This Is AuburnElectronic Theses and Dissertations

Magnetism and Spin Dynamics in Emergent Two-Dimensional van der Waals Magnets




Alahmed, Laith

Type of Degree

Master's Thesis


Electrical and Computer Engineering

Restriction Status


Restriction Type

Auburn University Users

Date Available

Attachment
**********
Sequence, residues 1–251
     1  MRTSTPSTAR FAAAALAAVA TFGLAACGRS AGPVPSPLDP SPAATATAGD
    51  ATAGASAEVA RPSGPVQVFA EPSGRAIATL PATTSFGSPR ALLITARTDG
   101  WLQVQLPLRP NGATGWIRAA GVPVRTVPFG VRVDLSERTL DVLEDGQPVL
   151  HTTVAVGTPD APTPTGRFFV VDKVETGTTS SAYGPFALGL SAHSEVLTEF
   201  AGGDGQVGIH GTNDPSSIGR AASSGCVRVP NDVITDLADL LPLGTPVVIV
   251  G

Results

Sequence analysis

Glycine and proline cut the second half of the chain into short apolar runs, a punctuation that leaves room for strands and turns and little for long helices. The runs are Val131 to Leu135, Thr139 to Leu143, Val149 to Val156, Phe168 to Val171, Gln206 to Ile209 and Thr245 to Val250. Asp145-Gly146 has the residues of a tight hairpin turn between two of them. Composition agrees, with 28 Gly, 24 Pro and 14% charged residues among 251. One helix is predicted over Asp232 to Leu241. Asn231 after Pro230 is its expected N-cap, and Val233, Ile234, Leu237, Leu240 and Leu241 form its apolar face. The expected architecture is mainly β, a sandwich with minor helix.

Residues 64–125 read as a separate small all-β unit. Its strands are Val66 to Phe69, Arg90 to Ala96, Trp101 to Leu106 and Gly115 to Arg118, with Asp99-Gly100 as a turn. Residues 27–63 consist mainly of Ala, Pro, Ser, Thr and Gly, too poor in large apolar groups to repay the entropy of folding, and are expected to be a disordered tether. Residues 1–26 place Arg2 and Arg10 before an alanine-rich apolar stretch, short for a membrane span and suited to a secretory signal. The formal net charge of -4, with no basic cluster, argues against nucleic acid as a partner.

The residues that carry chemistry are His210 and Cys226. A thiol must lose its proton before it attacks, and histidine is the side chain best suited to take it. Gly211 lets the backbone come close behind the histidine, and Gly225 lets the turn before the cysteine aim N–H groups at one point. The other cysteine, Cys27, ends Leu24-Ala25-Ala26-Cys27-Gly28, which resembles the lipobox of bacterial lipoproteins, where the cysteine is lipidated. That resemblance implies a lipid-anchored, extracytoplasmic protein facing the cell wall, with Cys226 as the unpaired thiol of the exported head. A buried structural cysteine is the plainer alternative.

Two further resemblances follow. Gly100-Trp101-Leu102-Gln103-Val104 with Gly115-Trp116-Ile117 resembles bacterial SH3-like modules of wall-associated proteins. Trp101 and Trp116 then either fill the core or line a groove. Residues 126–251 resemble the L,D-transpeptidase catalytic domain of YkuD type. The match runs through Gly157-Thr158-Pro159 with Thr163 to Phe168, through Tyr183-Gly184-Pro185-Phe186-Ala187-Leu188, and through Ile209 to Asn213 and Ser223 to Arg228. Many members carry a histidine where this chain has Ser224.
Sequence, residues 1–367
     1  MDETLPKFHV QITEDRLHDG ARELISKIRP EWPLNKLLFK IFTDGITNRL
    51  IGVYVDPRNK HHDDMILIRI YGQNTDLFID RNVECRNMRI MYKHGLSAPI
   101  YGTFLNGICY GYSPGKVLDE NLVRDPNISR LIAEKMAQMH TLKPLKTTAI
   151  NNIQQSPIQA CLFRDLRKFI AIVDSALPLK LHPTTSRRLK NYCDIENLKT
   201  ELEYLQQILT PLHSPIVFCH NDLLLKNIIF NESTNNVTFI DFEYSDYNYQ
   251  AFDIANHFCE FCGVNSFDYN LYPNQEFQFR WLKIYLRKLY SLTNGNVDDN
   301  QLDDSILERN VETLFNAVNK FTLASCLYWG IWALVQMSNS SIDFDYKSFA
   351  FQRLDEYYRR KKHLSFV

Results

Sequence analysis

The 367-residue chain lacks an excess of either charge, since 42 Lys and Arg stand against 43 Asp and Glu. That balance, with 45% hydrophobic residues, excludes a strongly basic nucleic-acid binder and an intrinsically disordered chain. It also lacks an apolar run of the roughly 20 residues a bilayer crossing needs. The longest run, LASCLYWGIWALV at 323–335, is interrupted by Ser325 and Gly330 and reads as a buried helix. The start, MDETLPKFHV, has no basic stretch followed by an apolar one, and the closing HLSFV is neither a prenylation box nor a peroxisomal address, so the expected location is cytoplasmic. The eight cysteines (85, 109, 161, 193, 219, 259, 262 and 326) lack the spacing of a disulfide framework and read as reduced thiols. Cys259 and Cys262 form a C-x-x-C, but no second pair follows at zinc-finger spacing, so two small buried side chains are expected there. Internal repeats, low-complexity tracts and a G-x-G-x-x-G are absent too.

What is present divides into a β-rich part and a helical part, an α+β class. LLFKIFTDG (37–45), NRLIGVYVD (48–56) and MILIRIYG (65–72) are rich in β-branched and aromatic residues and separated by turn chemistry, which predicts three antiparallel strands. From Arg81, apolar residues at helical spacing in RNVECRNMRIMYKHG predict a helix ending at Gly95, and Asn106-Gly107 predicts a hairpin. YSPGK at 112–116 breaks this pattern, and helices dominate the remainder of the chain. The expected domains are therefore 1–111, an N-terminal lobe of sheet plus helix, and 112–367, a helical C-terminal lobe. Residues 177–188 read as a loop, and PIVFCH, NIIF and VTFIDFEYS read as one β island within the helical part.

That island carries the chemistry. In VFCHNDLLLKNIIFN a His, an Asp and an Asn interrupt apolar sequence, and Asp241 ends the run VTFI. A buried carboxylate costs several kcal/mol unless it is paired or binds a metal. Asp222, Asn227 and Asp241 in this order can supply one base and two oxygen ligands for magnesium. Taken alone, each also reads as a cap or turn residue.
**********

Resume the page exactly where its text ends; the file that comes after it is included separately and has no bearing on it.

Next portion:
The low Curie temperature of most two-dimensional (2D) van der Waals (vdWs) magnets makes it challenging to incorporate them into device applications. This thesis explores two intriguing materials: Fe5GeTe2, a 2D vdWs room temperature magnet, and Cu(1,3-bdc), a quasi-2D topological magnon insulator with low Curie temperature but peculiar magnetic properties. The materials were studied with various metrology, including X-ray diffraction, vibrating sample magnetometry, broadband FMR spectroscopy, thermal transport, etc. The magnetic measurements were performed with external magnetic fields applied in-plane and out-of-plane, and at different temperatures. We find that Fe5GeTe2 shows a record high Curie temperature of 332 K. Interestingly, for both magnets, a sizable Landé g-factor difference between the in-plane and out-of-plane cases was discovered, the Landé g-factor values deviate from g = 2, indicating a contribution of orbital angular momentum to the magnetic moment. The FMR measurements have revealed that Fe5GeTe2 has a damping constant comparable to Permalloy, and with reducing temperature, the linewidth has broadened. Our measurements not only demonstrate the room-temperature magnetization dynamics of Fe5GeTe2, but also provide evidence that Fe5GeTe2 transitions from ferromagnetic to ferrimagnetic at lower temperatures. In Cu(1,3-bdc), we have found that the interplay of topology, spin excitations, and orbital magnetism presents a playground for exploring topological spintronics. While the differences of in-plane and out-of-plane Landé g-factor (Δg) and saturation magnetization (ΔMs) in Cu(1,3-bdc) are well correlated at low temperatures, they diverge at higher temperatures (T>~4 K). Further theoretical analyses show that topological orbital moment induced by thermally excited spin chirality results in the g-factor anisotropy at higher temperatures. Our experiments have identified critical quantum phenomena in 2D magnets, highlighting them as ideal platforms for studying fundamental physics and building efficient spintronic devices.